How is it really in Iraq?
That seems to be what's on everyone's minds these days...Well where my husband, Meran, is working as a translator for the coalition forces...Things are not good.
He tells me of people higher up quitting left and right, for example he is suppose to have a site manager that visits every now and then to address their employees, Titan corporation, concerns and to authorize vacation time etc. Since he has been in Gayara, July, nobody has come by. He has repeatedly asked around and heard nothing except "they'll be there". Besides that, he is being asked to do translating jobs that he is not able to do because of lack of personnel with the right language skills. It is assumed that because he is Iraqi, he must know Arabic, which besides hello, how are you, he really doesn't have a grasp...At least not well enough to translate where one word mistake could lead to a wrong arrest or raiding a house that is not involved in the resistance.
And violence-wise things have gotten a lot worse...He is currently about a hour and half to two hours from his uncle's in Duhok. But he is unable to go there because conditions are so bad that it is not safe to travel that roadway. This in comparison to last year where he was visiting once or twice a month on his off time. Also a car bomb exploded in Duhok a couple weeks ago, and up until that point Duhok had yet to see the violence the south had seen. You know its getting bad there and more out of control when the violence has spread into Kurdistan in the north, an area that had things pretty much under raps until now.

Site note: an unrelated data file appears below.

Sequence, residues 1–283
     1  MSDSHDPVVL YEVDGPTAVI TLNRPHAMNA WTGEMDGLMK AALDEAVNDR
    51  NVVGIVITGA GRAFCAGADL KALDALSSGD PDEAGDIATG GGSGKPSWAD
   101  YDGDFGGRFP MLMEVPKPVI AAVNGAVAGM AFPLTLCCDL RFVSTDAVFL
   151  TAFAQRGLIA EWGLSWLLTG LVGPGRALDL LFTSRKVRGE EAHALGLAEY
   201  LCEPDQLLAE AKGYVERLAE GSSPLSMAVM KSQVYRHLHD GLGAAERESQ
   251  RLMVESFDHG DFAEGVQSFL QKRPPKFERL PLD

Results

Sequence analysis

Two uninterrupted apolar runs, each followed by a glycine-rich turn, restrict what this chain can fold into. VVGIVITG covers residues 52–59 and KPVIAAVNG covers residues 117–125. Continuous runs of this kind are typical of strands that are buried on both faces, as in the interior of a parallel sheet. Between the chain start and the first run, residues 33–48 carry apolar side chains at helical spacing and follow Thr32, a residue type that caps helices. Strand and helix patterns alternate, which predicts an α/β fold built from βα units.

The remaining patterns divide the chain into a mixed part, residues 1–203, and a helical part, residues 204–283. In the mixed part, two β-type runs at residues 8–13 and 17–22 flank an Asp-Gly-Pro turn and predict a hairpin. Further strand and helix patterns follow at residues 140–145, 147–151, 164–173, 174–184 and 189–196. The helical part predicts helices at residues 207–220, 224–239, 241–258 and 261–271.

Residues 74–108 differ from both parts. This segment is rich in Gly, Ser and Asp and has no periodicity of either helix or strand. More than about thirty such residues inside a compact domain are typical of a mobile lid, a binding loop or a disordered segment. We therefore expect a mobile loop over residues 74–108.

But it is time for us to admit that we do not know what we are doing and to go back to the drawing board...What we are doing right now is letting things get worse. Since when does admitting things are going wrong=failure.
To me the bigger failure is to let things be. Any great leader will sit down and reevaluate himself and the situations he faces from time to time, if things need change, he changes it.
Saturday, October 02, 2004
Guantanamo Bay represents an attempt by the Bush regime to place itself above the law in a manner unprecedented since the seventeenth century crisis, which produced the English civil war and the beheading of Charles I. - From Guantanamo Bay, Habeas Corpus and the Texan Who Would be KingWe've all been hearing about Guantanamo Bay, Cuba for a long time, and in reference to post-September 11th detainment there, in particular.
There are stories being documented now that posit, when presented collectively, that the detainments at the naval station camp are, in essence, a virtual internment camp...*
Detainees include citizens of over 40 different countries from around the world, including those of our allies. International watchdogs continue to document violations of the Geneva Convention at Guantanamo by the United States, the so-called cradle of democracy. Those with power use it as they see fit, and justify it only when necessary; admitting wrong, making things right, that is never usually done voluntarily. If we see this as wrong - we the citizen of the United States, or even we the citizen of the world - then we must insist on change against wrongs such as this.
What am I going to do about it? First, I won't be voting for President Bush in November. Second, I will continue to keep myself informed. Third, I will continue to tell people about what I find out. Fourth, I will continue to find ways to make a difference. Finally, I hope and pray when I find those ways, I will have the courage to ACT on them. If each person does that, it will make a difference.
* Meanwhile, over in Iraq, Abu Ghraib isn't unique...